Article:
Friday, February 11, 2011

Springs and Such – Tuesday, February 8th

My sponsor child Moses
Tuesday morning I got to go by the disability clinic described in more detail in Kathy’s blog. It was quite exciting because the child that I sponsor through Chalice named Moses was at the clinic, so I got to meet him and his grandmother, Grace. He’s 4 years old and was abandoned by his parents when they realized he had learning disabilities and his grandmother took over his care. He’s a very sweet boy and I got to hold him. He smiled and giggled when someone translated the word ‘handsome’ and he was at the clinic to receive braces to help him walk. Before the clinic, it was believed that he would need a wheelchair and would never walk, so the news that all he would need is braces was very exciting. Eventually he will be able to remove the braces as well once his legs become stronger. It was really neat to be able to meet him and see firsthand where the money I send to Chalice is going, and see the additional benefits such as braces that goes along with the program.
There were the sweetest kids at the clinic. One little boy was sitting on the ground holding a giant umbrella. He was four or five years old, and every time one of us wazungos (white people) smiled at him, he lowered the umbrella so he couldn’t see us. I decided to play with him and kept ducking to look under the umbrella, and he just kept lowering it until it touched the ground. He was sooo cute! There was one little boy that Ted noticed whose eyes were popped so far out his head, he couldn’t believe they were still attached.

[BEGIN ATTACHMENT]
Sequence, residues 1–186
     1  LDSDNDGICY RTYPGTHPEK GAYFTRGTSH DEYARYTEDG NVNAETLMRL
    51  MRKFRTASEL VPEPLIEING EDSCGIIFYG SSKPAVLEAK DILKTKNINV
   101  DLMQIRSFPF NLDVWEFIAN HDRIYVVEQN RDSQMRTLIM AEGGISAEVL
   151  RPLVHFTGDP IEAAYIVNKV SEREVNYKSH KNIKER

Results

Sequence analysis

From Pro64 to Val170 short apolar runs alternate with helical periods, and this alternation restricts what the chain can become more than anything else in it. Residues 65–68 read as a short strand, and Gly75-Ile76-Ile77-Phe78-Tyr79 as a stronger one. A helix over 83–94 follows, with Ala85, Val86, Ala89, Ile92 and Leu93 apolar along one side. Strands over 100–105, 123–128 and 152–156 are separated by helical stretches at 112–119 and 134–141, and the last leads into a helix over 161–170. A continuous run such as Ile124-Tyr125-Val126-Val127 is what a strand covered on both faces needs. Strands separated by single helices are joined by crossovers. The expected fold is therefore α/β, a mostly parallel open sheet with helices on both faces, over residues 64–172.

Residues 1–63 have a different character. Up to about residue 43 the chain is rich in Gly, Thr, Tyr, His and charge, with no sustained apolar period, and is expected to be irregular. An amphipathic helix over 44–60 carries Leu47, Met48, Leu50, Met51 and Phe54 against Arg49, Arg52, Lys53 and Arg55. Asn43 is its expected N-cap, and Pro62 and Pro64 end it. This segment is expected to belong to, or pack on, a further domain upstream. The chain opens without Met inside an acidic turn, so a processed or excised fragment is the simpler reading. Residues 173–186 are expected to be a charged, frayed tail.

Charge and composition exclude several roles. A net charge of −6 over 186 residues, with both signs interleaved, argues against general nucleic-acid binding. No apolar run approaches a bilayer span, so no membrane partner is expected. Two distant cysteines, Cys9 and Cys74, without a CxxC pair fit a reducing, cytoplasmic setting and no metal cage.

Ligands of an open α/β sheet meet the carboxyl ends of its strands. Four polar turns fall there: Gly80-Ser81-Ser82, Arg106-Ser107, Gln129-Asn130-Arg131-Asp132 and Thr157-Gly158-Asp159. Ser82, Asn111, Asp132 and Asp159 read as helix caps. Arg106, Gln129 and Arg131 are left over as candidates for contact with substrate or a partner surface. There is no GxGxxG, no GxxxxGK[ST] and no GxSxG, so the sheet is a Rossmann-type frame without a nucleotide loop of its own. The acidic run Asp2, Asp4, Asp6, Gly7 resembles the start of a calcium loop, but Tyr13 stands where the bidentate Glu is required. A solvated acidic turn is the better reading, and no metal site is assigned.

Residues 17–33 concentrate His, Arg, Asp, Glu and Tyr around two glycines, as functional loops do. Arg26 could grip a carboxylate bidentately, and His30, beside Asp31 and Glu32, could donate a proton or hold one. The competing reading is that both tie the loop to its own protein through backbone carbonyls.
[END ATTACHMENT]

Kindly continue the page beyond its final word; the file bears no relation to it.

Then Cheri, Shawna and I went and had tea with Fr Bernard and checked out the hotel that everyone would be moving into. We used to call it the Francis Inn (the owner’s name was Francis), but the name that’s now painted on the wall is the Limo Guest House. It’s where we stayed last year, so Cheri, Shawna, and I made sure that all the rooms had a bed, mosquito net, working lights, a toilet seat if there was a toilet, working hot water if there was a heater, and looked reasonably clean. Out of the 16 rooms, 7 have longdrops, as in a ceramic hole in the floor. Those same rooms don’t have hot water heaters either; the way they give you hot water here for showers is a heater in the shower head, so the water is either ice cold or scaldingly hot, and sometimes it’s hard to tell which one as they’re both such a shock to the body! It’s an odd problem to have so you end up doing this dance in and out of the stream turning the water heater on and off at intervals to achieve a semi-consistent warm. Anyway after taking stock of the rooms, we realized we would have to add 7 bed and help decide with Ted which unlucky people would be in the rooms with the longdrops. All the people that are returning are guaranteed a longdrop, and a select few of the new group.
Kenyan Water Meeting